Record Details

Semprebon, G. M.;Sise, P. J.;Coombs, M. C.
Potential Bark and Fruit Browsing as Revealed by Stereomicrowear Analysis of the Peculiar Clawed Herbivores Known as Chalicotheres (Perissodactyla, Chalicotherioidea)
Journal of Mammalian Evolution
Journal Article
Chalicothere;Stereomicrowear;Schizotheriinae;Chalicotheriinae;Paleodiet;Perissodactyla;tapir tapirus-terrestris;low-magnification stereomicroscopy;north-america;late miocene;southern germany;dietary;mammalia;microwear;hackberry;evolution
This low magnification stereomicrowear study samples a broad range of chalicotheres (Perissodactyla, Chalicotherioidea), including basal chalicotheres and the two chalicotheriid subfamilies Schizotheriinae and Chalicotheriinae, primarily including species from North America and Europe, but also some from Asia. The schizotheriines Moropus, Tylocephalonyx, and Metaschizotherium and the chalicotheriines Anisodon and Chalicotherium are best represented. Paleodiets are interpreted via discriminant analysis, using comparison of microwear variables from fossil chalicothere teeth with those from a database of extant ungulates with known diets. The results suggest that all of the chalicotheres in the study were browsers, with no evidence of significant grass consumption. Basal chalicotheres, like basal equids, seem to have been standard fruit-dominated browsers. Stereomicrowear agrees with mesowear results by Schulz et al. (2007) and Schulz and Fahlke (2009) for Metaschizotherium bavaricum, Metaschizotherium fraasi, Anisodon grande, and Chalicotherium goldfussi in showing a highly abrasive aspect to the diet. In these species, hard food objects such as fibrous fruits, seeds, pits, and nuts may have abraded the teeth (based on high pit counts, the presence of large puncture pits, and many individuals with coarse to hypercoarse scratches). Anisodon grande and C. goldfussi, despite their relatively short, brachydont teeth, show the highest degree of abrasion within the studied sample. Moropus and Tylocephalonyx from North America show somewhat different but also abrasive microwear; in these taxa the resistant foods may have been twigs and bark (large pits common, but gouging more prevalent than puncture pits). A preliminary comparison of stereomicrowear on DP4, the deciduous upper fourth premolar, with that on molars suggests that juveniles consumed similar foods as adults but without the most abrasive elements. Some important methodological differences regarding the scoring of microwear features by different low-magnification microwear methodologies are discussed.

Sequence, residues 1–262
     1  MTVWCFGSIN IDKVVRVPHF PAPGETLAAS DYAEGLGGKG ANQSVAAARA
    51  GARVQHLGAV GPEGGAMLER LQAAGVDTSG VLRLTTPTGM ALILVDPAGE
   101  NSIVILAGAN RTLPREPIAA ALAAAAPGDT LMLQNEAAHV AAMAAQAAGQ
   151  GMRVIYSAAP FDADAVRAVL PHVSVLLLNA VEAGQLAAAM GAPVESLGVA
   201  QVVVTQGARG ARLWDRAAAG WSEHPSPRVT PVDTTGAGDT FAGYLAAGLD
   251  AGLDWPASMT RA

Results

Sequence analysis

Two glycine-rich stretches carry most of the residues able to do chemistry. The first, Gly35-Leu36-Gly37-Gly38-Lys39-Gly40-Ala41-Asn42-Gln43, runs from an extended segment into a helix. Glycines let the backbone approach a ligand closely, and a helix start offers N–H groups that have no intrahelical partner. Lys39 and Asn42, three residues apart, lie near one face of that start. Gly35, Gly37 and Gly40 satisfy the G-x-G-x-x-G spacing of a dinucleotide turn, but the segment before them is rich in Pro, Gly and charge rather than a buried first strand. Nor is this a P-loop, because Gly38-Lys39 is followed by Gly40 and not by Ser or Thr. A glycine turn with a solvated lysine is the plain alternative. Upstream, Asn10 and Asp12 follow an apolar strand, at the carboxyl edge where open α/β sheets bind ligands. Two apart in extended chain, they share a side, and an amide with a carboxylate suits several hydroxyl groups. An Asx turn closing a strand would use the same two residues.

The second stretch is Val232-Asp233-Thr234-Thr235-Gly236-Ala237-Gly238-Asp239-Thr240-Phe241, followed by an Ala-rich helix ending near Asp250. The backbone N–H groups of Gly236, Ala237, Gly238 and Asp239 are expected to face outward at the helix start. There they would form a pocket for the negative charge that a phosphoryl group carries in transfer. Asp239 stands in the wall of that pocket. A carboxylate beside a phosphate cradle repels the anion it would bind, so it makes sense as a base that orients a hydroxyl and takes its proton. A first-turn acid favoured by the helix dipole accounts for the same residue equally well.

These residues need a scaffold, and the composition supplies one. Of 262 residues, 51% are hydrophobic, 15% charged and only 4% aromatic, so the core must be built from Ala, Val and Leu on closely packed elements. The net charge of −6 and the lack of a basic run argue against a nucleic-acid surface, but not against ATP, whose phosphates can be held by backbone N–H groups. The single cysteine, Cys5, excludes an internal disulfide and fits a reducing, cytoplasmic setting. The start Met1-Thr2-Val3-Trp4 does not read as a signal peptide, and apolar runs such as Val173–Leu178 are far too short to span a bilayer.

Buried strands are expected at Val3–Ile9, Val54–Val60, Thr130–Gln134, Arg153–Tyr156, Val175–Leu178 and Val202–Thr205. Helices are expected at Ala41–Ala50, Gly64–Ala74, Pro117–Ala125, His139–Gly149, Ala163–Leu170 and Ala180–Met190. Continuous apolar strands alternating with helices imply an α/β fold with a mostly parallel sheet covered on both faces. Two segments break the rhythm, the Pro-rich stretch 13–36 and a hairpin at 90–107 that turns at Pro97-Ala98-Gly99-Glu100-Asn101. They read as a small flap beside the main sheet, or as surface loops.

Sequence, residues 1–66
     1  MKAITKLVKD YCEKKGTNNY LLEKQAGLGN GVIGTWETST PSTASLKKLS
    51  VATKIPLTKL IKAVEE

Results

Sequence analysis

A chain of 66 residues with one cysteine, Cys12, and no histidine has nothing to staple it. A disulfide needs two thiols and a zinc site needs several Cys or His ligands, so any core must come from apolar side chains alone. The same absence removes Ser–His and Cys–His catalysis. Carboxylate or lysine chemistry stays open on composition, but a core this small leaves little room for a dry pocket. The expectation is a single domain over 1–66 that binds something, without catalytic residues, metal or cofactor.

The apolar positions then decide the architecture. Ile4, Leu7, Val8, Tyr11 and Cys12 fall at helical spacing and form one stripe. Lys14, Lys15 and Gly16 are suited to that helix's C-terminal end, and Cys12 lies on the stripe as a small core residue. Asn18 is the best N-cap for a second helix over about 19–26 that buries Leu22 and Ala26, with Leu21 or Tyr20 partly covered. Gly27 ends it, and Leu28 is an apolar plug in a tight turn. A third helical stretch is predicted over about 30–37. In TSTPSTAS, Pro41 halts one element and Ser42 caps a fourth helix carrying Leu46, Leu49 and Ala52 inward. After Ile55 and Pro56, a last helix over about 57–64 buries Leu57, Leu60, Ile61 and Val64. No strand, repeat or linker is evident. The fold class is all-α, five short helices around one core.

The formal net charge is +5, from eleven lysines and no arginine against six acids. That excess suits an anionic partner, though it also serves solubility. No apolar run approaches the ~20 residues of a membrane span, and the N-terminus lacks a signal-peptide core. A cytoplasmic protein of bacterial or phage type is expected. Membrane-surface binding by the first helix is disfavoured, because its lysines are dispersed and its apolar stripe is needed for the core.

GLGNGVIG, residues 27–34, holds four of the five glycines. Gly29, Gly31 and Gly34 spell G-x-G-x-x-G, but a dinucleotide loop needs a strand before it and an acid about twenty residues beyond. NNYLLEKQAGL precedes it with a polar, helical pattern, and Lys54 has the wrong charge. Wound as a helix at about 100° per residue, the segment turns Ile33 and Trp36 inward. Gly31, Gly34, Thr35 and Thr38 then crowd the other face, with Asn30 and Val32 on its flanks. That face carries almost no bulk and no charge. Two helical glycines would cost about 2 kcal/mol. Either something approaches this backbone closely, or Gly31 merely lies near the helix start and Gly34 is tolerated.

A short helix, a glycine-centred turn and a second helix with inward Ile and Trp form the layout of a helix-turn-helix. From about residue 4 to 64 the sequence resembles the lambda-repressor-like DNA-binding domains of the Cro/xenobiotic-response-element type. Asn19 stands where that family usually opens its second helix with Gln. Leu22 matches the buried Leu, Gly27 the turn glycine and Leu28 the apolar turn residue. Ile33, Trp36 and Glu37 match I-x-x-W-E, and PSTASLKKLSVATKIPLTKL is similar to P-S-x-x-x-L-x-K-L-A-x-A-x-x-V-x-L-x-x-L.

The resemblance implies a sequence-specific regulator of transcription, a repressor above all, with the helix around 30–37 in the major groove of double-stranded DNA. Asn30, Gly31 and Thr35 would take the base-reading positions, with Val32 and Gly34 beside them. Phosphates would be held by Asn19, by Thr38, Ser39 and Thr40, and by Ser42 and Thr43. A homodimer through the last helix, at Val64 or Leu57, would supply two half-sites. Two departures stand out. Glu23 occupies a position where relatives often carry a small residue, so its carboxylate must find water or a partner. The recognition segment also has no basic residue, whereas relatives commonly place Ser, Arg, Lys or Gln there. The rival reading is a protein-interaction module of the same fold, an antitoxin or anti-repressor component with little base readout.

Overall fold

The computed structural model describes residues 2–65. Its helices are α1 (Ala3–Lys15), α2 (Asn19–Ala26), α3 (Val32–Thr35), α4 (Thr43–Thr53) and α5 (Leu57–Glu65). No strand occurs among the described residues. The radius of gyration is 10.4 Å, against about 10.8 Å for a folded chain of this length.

Times Cited: 0 Semprebon, Gina M. Sise, Paul J. Coombs, Margery C.